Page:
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Heartbreaking commercial highlights the pain of loneliness
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A new commercial highlights the pain of spending the holidays alone. - photo by Kelsey Dallas
Each year, hundreds of thousands of elderly adults spend the holidays alone, perhaps because they've lost touch with friends or have family members who won't or can't drop by and visit.

A new commercial from German supermarket chain Edeka illustrates the pain of this situation by showing an older man who fakes his own death to ensure that his children will come home for Christmas.

"How else could I have brought you all together?" he asks, when he surprises his mourning family.

The ad, which has more than 30 million views on YouTube, has sparked discussions of elderly loneliness, which can have severe health consequences.

"Being alone and feeling lonely increases your chances of early death by roughly 30 percent," CNN reported earlier this year, in its coverage of a research study on the emotion.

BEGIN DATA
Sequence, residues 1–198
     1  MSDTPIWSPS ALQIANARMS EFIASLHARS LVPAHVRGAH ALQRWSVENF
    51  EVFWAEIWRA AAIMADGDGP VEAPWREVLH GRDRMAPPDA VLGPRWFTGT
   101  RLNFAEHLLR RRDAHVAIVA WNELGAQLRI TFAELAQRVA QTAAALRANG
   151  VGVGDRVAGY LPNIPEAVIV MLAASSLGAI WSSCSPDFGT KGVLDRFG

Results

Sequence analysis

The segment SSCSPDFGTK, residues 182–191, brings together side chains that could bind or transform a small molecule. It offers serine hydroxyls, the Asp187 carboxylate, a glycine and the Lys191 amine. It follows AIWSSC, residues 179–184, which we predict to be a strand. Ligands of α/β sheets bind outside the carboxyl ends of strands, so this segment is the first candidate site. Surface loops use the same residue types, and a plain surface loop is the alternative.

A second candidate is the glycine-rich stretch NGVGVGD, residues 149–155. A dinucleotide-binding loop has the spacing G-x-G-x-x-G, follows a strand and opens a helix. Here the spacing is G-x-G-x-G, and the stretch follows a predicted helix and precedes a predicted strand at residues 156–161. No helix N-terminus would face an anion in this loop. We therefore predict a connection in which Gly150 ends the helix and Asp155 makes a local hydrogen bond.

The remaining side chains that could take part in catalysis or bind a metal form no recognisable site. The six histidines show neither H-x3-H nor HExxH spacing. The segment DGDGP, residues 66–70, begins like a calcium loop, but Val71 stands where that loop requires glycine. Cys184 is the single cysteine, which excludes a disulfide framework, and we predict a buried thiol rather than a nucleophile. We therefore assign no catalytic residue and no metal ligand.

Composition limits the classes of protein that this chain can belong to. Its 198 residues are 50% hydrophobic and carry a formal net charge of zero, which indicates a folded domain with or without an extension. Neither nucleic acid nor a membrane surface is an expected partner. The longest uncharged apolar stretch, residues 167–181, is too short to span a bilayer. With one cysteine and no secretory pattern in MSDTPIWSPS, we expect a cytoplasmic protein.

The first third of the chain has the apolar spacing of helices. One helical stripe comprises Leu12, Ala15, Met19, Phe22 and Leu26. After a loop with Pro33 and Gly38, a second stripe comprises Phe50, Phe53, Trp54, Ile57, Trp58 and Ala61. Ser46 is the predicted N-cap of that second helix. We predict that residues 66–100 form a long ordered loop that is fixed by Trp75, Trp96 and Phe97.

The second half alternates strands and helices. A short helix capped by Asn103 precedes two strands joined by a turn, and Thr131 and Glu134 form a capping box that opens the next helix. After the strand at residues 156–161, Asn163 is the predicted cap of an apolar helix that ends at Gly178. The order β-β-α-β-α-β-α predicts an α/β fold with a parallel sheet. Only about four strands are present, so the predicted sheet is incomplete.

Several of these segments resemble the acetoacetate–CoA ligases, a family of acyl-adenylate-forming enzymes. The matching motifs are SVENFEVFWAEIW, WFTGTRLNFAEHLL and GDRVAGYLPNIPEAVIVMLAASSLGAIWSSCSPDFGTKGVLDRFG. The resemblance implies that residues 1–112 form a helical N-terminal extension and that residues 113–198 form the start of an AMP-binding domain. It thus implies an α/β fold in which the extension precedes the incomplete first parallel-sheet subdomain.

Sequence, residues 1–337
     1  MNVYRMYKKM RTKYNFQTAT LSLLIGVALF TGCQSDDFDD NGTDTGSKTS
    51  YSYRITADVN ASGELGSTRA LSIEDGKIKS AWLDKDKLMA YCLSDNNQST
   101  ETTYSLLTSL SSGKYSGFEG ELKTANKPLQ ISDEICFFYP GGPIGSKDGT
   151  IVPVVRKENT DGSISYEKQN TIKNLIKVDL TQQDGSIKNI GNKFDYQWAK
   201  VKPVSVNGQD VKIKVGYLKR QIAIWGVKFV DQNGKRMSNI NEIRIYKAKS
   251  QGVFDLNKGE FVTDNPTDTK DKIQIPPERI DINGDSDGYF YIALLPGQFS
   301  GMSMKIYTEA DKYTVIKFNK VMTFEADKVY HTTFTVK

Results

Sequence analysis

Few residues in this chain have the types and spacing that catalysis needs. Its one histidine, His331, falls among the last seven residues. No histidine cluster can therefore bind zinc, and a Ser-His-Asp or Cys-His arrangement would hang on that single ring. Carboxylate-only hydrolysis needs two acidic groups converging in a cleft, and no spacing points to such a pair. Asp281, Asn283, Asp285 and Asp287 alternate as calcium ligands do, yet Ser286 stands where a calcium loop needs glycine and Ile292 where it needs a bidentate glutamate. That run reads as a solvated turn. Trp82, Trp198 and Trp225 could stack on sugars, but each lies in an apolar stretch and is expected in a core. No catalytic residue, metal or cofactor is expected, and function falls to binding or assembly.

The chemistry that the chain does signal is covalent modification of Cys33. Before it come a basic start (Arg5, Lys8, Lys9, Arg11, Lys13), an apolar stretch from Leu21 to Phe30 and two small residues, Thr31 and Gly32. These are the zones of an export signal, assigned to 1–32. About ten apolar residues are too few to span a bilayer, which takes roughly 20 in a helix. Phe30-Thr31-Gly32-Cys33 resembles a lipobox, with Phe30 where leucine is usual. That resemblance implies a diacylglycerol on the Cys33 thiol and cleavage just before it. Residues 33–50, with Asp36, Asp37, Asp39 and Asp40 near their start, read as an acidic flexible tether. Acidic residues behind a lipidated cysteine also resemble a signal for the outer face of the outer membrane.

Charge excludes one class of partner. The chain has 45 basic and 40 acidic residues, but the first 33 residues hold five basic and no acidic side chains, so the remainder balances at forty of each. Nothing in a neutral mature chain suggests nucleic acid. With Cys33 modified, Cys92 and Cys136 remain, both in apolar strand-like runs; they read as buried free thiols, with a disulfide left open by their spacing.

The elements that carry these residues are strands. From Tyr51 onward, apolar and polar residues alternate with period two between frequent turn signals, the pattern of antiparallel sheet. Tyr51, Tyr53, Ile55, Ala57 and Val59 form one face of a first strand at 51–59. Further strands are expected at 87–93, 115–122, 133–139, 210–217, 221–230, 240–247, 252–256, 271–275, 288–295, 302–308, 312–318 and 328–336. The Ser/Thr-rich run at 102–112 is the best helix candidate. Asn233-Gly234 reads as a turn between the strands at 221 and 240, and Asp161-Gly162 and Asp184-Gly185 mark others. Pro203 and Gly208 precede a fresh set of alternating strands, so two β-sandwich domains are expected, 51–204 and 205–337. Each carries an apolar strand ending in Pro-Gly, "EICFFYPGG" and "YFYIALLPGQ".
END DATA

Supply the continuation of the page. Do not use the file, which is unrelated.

Aging often leads to social isolation because it affects mobility. Additionally, retired people have fewer reasons to leave the house regularly.

Technologies like smartphones and video-messaging services have made it easier for older people to keep in touch with friends and family members, but these web-based interactions aren't as socially valuable as face-to-face bonding, as Deseret News National reported in October.

"Retired people need to be as proactive about scheduling in-person meet-ups as they are about taking medicine or eating healthy foods," said Alan Teo, assistant professor of psychiatry at Oregon Health & Science University, to the Deseret News.

The new holiday ad has gone viral because it confirms many people's deepest fears about how lonely their older loved ones sometimes feel, noted many commentators.

"Because the holiday season is so closely associated with family and joy, for many it can exacerbate feelings of loneliness," The Washington Post reported. "The German advertisement is resonating deeply with people as they contemplate their holiday plans, and whether their elderly relative is part of them."